“The store is as much my life as Gerald is. I thought you opened it up for me to have when I got older.”
“Cassandra was our life.” Dad continues. “We opened it up so we could take care of you. Now you’re grown and you deserve to have something of your own. With the money we get from ITC you could open up a better Cassandra in the city.”
“Why would I want to open another store someplace else? Cassandra’s customers are here. I mean I practically grew up here. This place is like my home-”
“Come on Cassie, you can do a lot better than this old place. Everything you’ve done here shows me you have what it takes to run one of those really swanky downtown coffee houses with the books and the sofas in them.”
Commuting into Manhattan and being just another baker in some tiny high-rent Upper West Side storefront selling overpriced coffee, bagels, muffins and cinnamon rolls is not my vision of a successful future. My vision of success is building on our thirty-year legacy of sharing Cassandra’s lovingly crafted baked goods with the people of Brooklyn who appreciate our products. I’ll try to explain what I want to do.
“The way I see it our business can still take care of us all. That’s why I went to culinary school and double majored in pastry arts and restaurant management. I wanted to take over the business. I want to continue selling our products here to our customers and share the profits with you.”
“We never wanted you to stay here.” Mom says shaking her head. “We wanted you to have a better life than this. You can do so much better than us.”
“Well this is the life I want for myself.” I say. “I have plans for expanding Cassandra-”
Dad shakes his head no. “Cassie, we want to sell the store to ITC. It’s too big a break to let pass.”
“Dad let me do this.” I plead. “Let me have my bakery. My name is on it. How much to buy you out? I’ve got some money saved up-”
My father laughs at me. “How are you going to pay for your wedding then?”
I glare at him. “You’re paying for my wedding. My savings and the loan I get from the bank will be more than enough money to retire on.”
“Cassie, I know you want to do right by us.” Mom says. “But this deal could be for some real money. For what ITC is probably gonna offer us for this place we can pay off the mortgage and get a house in Florida.”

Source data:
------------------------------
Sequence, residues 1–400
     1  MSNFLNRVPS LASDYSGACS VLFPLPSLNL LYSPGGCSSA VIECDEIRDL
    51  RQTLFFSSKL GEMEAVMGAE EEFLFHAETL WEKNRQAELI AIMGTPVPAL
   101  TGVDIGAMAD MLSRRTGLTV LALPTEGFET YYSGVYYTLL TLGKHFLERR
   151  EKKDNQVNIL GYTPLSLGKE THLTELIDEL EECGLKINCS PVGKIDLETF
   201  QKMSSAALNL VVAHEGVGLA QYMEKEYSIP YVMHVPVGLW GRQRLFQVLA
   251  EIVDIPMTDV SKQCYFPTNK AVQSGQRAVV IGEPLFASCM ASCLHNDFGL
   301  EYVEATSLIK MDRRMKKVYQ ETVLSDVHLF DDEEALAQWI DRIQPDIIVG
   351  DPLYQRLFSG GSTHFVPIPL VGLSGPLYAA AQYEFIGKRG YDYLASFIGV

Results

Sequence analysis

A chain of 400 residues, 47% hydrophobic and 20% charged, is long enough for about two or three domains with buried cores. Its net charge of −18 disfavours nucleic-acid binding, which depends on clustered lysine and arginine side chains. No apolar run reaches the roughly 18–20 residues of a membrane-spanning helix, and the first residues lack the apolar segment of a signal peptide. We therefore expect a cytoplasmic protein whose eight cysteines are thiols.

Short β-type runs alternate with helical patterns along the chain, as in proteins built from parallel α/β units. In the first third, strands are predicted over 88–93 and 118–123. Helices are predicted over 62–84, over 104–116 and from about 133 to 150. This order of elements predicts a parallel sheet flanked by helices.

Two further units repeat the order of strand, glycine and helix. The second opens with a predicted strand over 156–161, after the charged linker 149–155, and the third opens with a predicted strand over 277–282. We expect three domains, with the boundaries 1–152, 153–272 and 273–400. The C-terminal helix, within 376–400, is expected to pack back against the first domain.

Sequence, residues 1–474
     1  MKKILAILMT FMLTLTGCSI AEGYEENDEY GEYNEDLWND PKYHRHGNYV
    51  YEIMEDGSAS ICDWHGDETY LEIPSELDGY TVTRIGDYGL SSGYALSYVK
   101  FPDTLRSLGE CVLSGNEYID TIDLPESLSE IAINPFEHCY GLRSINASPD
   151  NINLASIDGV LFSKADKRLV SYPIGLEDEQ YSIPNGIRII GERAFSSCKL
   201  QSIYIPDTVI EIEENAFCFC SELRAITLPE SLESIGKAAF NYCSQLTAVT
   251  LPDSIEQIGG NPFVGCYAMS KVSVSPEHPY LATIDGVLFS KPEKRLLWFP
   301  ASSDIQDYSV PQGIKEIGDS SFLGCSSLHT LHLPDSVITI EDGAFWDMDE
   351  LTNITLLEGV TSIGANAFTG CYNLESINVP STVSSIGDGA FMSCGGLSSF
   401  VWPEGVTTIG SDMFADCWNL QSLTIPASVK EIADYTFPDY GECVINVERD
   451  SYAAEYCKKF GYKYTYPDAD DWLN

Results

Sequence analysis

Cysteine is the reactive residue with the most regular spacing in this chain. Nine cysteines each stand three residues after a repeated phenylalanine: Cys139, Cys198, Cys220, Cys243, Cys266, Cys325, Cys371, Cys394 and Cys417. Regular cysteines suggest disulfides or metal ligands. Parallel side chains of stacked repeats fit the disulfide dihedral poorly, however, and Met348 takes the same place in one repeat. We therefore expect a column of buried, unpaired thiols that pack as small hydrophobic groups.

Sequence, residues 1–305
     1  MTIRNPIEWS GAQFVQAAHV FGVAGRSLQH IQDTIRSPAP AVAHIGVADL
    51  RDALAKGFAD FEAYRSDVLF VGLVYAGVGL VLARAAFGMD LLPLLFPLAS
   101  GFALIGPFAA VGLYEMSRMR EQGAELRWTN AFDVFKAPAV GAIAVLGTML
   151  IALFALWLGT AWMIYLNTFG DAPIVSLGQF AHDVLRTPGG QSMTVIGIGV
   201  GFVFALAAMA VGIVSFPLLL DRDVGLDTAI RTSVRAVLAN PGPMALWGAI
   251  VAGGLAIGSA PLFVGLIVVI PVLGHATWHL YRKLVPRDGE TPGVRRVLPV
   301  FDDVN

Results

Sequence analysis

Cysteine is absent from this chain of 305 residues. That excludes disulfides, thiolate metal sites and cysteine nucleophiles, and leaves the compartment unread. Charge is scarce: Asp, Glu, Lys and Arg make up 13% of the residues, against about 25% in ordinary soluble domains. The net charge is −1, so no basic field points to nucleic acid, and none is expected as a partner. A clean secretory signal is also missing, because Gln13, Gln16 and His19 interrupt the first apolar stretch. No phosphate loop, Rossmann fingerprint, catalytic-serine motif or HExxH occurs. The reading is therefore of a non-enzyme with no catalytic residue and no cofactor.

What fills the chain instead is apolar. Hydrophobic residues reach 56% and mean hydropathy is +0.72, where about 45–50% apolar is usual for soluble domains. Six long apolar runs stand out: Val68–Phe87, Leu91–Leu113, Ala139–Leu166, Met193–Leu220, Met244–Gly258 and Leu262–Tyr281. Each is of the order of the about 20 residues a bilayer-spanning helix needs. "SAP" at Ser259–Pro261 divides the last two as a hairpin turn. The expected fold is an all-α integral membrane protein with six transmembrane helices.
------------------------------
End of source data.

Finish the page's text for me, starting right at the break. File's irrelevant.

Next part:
I look to my father for support and realize how alone I am. “I want a Lexus to go in the driveway myself.” He chimes.
I fight back the tears in my eyes. I don’t know what’s worse having my dream taken away from me or finding out my parents who raised me right are just as greedy as everyone else when some anonymous corporation glances at them with promises of a truckload of money. I hate seeing human nature manifest itself in the people that I love. I thought they were better than that.
Since they want to sell I’m going to be a good daughter and honor my parents’ wishes. I’ll oversee the selling of the store so those fast talking suits at ITC won’t cheat them in the deal.
“If you want to sell the store let me represent you.” I sigh. “These suits can be shifty.”
“Cassie this isn’t like running the store.” Mom chides. “These are big businesspeople. You don’t have the experience working with corporations-”
“I can do this Mom.” I insist.
“Cassie can do this Helen.” Dad interjects.
“Cassie’s been to college. She knows more than we do about business.” Dad says. “With her college education I know she can get us a better deal than we could get on our own.”
Dad pulls a black binder out of the canvas tote bag sitting underneath his chair and puts it on the desk. “This is the proposal the ITC guy sent us a couple of weeks ago. You can look it over.”
“Okay. I’ll get right on it.” I say.
As my parents get up to leave the office, I hide my sadness with a fake smile. When the door closes I somberly open up the black binder and start trying to read ITC’s proposal detailing their plans for my future.